Sunday, September 12, 2010

Follow Up Talk With The Argument Rabbi

After reading all of the comments on the previous post I decided to approach the Rabbi and actually ask him why he said it was assur to do hataras nedarim on the night before Rosh Hashana. I know, this is a very novel idea and most people just like to assume what people think, me being one of those people.

Unfortunately for this Rabbi, his logic was EXACTLY what I thought it was. He told me that you can not make a Bais Din at night. This got me all excited because I had printed out copies of the Shulchan Orech, Tur, Rambam and the Gemora in Nida (Thank You Josh Waxman). I then responded to him that he should take a look at these Maarei Makomos and left. Obviously, all of this was done with the utmost respect and I did not really get outwardly excited.

The next time I saw this Rabbi he returned the Maarei Makomos, but he was not done, he still needed to defend his position. I mean, if you had told a room full of people that it was assur to do something and your psak was contradicted by the Gemara, Rambam, Tur and the Shulchan Orech with no support in sight what would you do? Just correct your opinion?

He responded to me that the Maarei Makomos do seem to say like me. However, it could be that erev Rosh Hashana is different and the Bais din is like a real bais din. He did not say what Rabbi Josh Waxman thought he would say, which was: "Here is the however, however: my guess is that it is not motivated *entirely* by thinking that the night is invalid for hataras nedarim. This source is that night *in general* is valid for hatarat nedarim. Rather, some part of the motivation might be thinking that the night is not *really* considered erev rosh hashanah. Just as a bechor fasts on erev Pesach, but not during the night preceding. This is then no different than saying it, day or night, one week before. That would work, but would not be in accordance with the minhag to do it particularly on erev rosh hashanah." This would have been a valid argument (even though I argue against it in the comments on the previous post). However, he said something that seems, to me, to be ridiculous. Why on earth would someone think that ANY hataras nedarim would be a real bais din? Maybe you could argue that the minhag is not like that, but to say that hataras nedarim for erev Rosh Hashana is supposed to be a real bais din is far out there.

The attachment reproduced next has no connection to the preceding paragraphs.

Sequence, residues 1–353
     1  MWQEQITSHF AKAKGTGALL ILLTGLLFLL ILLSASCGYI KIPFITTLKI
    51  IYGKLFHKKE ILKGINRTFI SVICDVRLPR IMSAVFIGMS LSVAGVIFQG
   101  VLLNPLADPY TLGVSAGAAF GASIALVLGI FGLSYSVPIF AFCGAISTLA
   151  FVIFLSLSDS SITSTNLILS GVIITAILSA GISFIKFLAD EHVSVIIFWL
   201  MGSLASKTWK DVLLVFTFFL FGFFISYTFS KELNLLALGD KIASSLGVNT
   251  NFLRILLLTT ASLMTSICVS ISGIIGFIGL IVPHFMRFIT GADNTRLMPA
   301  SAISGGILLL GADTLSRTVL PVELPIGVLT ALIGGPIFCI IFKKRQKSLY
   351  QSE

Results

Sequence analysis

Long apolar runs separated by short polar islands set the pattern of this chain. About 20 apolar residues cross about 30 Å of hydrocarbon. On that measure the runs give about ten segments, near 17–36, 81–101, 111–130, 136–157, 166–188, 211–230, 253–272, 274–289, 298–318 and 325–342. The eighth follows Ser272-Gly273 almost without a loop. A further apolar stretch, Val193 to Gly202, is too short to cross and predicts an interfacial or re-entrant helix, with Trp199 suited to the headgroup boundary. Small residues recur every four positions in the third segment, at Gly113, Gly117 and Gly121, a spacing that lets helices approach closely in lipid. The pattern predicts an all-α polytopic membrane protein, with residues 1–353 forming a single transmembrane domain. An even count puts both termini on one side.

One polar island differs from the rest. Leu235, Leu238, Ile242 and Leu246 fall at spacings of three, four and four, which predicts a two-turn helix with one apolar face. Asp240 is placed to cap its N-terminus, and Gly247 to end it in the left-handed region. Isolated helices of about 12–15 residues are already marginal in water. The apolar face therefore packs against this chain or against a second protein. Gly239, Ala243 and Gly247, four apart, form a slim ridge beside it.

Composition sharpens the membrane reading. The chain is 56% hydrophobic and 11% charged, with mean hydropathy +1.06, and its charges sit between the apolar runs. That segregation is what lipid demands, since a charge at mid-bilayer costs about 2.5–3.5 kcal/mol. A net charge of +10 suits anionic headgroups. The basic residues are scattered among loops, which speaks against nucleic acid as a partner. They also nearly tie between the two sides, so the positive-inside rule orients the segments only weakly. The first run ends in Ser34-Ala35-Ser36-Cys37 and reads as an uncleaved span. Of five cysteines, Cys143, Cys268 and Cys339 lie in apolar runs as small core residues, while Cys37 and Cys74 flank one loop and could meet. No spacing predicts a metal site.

I responded to him that his idea is nice and good (because I was being respectful, in truth the idea made no sense to me), but I have never seen it in any minhag book or halachic sefer. He told me he would look it up and get back to me. If that ever happens I will let you know, but I don't think this Rabbi is going to admit this, or any mistake any time soon.

I hope everyone had a meaningful Rosh Hashana and has a great year because of their meaningful davening.


Mordechai Y. Scher said...

Baruch shekivanti!

This year I said we could do hatarat nedarim on motzaei Shabbat (for convenience), but backed down when a young visiting rabbi pointed out we ought not to because it is like maaseh beit din. I said I didn't think so, but I would defer.

Good job here!

Mordechai Y. Scher said...

I wonder if it was the same rabbi? ;-)

E-Man said...

Thanks Mordechai. However, it can't be the same Rabbi, this Rabbi was old.

I hope you get a chance to correct this Rabbi.

Truth is, I think it is a Syrian custom to say Hataras Nedarim the Sat night before Rosh Hashana.